There are some things which we can't separate from our personal lives. Some people say "I mix business with pleasure" while others claim that "it's not personal", whether it's related to business, faith, or whatsayyou. Now I'm not here to debate whether you can indeed mix business with pleasure, or whether you should take everything personally (or not, depending on how you see things). But I do believe that your faith is integral to your life, whether you're Christian, a Buddhist, or whatever your religion may be.
I'd like to clear that I'm a Christian so I'll take it from the perspective of my faith. I think one thing I notice is that many Christians suffer from "Sunday Christianity", or acting religious only on Sundays (or whenever you go to mass). Since I grew up in a Catholic school, I also see other extensions of this, such as me and my classmates behaving right after a recollection or retreat, but no longer than the immediate duration (which ranges from several hours to a few days). First of all, I don't think any religion asks you to be "part-time" in your faith. It's a 24-hour, 7 days a week ritual. Sure, there are specific times when you're required to worship (such as Sunday mass) but faith is not about those particular times. Faith isn't just about duties; it's about living your life in a particular kind of way. It's like saying you're vegetarian when you only eat vegetables once a week and eat meat the rest of the week. To be a real vegetarian, it has to be part of your regiment, an integral factor in your daily existence. The same goes for your religion. You don't really get to choose your time to be a practitioner of your faith; as long as you live and breathe, you're devoted to your faith (even if your belief is, say, atheism, the same principle applies).
Perhaps another good reason why your life and faith can't be really separated is the fact that your personality determines your faith. Let's face it, our personality shapes our religious preference and those who are truly zealous in their faith sometimes alters their personality to suit their religion. In the bigger picture, we chose a particular religion because we think it's the best one for us. And to a certain extent, the reason why we want to spread our faith is because people in general want to share a good thing. For example, if your friend was living an unhealthy lifestyle, wouldn't you want him or her to eat good and healthy food? The same goes for our faith; we offer something which we think is good. Of course in the end, it's up to the person to either accept it or reject it. I personally don't think religion is something we can force on other people, but we can provide them with the necessary information to make an educated judgment call and perhaps nudge them in the right direction (people seldom change for the sake of doing so; it usually requires another motivation, such as a guy practicing good grooming habits because he's meeting his crush or behaving in front of a teacher who you're infatuated with).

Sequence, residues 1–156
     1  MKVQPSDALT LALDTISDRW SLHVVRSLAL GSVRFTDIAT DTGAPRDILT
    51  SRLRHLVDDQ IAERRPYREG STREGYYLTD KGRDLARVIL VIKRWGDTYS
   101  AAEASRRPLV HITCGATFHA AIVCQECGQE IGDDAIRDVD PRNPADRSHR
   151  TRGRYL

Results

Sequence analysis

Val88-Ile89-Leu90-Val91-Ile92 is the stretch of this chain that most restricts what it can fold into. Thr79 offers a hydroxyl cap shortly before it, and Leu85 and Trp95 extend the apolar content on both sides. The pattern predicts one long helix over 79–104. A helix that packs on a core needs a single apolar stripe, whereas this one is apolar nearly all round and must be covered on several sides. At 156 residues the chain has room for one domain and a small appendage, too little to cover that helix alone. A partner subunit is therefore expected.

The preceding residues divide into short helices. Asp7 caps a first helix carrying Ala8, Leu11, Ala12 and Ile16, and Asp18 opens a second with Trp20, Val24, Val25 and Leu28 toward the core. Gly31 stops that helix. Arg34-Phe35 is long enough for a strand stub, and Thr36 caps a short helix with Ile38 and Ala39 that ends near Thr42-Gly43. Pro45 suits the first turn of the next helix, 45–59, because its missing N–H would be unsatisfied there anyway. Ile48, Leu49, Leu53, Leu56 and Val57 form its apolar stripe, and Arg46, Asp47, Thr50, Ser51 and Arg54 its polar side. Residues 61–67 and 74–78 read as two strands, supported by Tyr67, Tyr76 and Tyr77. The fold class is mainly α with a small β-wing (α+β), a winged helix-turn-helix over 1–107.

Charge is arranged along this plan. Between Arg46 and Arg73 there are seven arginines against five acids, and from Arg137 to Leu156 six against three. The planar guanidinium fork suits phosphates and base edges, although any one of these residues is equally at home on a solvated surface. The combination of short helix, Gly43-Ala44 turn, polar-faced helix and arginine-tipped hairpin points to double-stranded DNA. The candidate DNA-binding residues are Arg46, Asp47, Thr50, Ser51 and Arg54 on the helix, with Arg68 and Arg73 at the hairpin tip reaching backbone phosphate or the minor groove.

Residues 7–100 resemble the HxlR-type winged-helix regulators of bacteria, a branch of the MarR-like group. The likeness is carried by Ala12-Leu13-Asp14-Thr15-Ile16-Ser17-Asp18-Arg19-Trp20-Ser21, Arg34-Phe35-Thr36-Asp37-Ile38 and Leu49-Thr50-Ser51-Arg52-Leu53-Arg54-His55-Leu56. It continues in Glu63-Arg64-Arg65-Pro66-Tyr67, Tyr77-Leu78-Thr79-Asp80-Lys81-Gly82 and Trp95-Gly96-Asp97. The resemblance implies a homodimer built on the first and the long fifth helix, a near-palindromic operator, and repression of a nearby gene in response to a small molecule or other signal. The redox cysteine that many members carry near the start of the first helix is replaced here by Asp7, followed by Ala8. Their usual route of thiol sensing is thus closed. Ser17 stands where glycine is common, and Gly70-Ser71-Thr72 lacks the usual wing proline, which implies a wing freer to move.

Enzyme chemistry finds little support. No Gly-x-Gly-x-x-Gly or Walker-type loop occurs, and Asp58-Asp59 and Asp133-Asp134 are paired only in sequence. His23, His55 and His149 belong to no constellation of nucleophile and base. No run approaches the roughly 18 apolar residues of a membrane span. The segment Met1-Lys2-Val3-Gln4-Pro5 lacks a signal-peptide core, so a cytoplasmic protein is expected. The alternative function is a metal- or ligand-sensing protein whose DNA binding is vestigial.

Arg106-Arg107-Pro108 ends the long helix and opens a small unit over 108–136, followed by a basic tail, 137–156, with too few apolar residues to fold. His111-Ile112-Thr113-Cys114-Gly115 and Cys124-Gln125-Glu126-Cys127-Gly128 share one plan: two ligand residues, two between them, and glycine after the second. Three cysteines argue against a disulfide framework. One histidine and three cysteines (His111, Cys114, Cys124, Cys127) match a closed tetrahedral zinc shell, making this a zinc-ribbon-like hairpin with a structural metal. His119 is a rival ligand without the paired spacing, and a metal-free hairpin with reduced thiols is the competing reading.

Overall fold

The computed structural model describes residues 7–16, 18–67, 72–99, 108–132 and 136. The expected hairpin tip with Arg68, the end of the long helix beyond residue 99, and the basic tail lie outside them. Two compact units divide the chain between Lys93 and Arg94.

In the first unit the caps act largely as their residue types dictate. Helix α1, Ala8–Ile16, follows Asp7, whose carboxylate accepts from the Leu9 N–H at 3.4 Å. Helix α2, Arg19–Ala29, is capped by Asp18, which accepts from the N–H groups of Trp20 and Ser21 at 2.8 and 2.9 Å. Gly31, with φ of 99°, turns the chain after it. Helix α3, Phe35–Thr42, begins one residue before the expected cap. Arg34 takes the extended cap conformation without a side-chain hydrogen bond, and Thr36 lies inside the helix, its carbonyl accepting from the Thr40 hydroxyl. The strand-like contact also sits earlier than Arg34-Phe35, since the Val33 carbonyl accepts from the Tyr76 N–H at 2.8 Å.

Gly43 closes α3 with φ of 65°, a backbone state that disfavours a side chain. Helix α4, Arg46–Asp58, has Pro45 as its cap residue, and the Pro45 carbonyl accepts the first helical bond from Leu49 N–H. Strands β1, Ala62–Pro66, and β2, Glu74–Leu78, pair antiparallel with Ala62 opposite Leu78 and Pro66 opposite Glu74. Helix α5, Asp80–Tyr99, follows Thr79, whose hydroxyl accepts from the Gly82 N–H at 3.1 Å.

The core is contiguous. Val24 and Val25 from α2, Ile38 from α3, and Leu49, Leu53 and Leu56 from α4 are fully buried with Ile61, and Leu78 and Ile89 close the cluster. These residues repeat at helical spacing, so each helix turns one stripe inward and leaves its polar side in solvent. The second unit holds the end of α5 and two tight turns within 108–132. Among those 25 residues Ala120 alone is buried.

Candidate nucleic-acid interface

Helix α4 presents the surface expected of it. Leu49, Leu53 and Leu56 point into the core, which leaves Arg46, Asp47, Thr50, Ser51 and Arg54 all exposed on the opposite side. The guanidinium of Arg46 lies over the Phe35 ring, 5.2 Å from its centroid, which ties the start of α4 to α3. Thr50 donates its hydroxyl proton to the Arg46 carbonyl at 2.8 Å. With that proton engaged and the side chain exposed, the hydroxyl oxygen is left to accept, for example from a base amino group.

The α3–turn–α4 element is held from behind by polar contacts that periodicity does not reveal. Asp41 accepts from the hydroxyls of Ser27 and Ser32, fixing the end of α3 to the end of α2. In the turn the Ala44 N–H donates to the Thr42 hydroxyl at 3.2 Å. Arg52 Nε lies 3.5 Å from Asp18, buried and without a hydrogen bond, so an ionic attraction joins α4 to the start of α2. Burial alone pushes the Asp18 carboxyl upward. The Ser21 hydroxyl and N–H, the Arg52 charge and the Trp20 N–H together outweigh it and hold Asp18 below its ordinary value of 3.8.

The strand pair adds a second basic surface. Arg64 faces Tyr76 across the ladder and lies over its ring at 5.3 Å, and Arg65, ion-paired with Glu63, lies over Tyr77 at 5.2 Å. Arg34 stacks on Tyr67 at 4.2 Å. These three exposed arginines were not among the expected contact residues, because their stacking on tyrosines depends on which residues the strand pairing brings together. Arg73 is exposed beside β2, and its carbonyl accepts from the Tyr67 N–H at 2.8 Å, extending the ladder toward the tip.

Many students complain that they don't get to practice what they learned in school. But strangely enough, when it comes to faith, I see many people doing the opposite. I mean it's in real life that we get to apply our belief, the tenets of our religion. Yet when the opportunity arises, many of us shy away from such circumstances. We become "undercover" practitioners. My advice to you is that there's no such thing. I live in a Catholic-dominant country and perhaps the biggest problem with that is that one assumes everyone else is a Christian even though not everyone acts like one. In a crowded bus or street, I really can't identify if the other person is a Chrisian or not. If, on the other hand, there was a devout Muslim (probably because of their attire) or perhaps a Buddhist (buddha beads and shaved heads fad aside), I'm sure I can identify them in a crowd of undercover Christians. I think what's essential here is to stand out and perhaps the only way to do that is to practice what you preach. I don't mean preaching literally, by the way, but it can be seen in your behavior, in the way you talk, in the way you act towards other people. And perhaps in a country that's dominantly Christian, that's difficult to do so because we take Christianity for granted, something that has reached the status of mundanity. Missionaries smuggling Bibles into China probably get more excitement and adrenaline rushes, but it's no less important than living out a life of piety in a country where your religion is already prevalent.
I personally follow the rule of multiple agendas. I mean when I meet a person, I intend to be their friend. But along with intending to be their friend, I also want them to share in my faith if that's possible. That doesn't mean I get preachy to people the first time I meet them but given the right opportunity, I'd probably take the time to share my faith (which is also why I have this essay in the first place). When we meet people, faith has to be a priority, but it's not necessarily a priority we act on immediately. And sometimes, we also have to learn to let go. As I said before, we can only provide the opportunity, but it's up to the other person whether to accept it or not. Intruding on their right of choice might jeopardize the friendship, for example, and friendship is a top priority of mine as well.
Rather than seeing faith as a separate part of living, I see it as an essential element, just as our personality or emotions are part of who we are. Many people have a misconception that they can separate it from who they are but what's actually happening is that they're not really being true to their religion, or to who they are for that matter.
Tuesday, March 01, 2005
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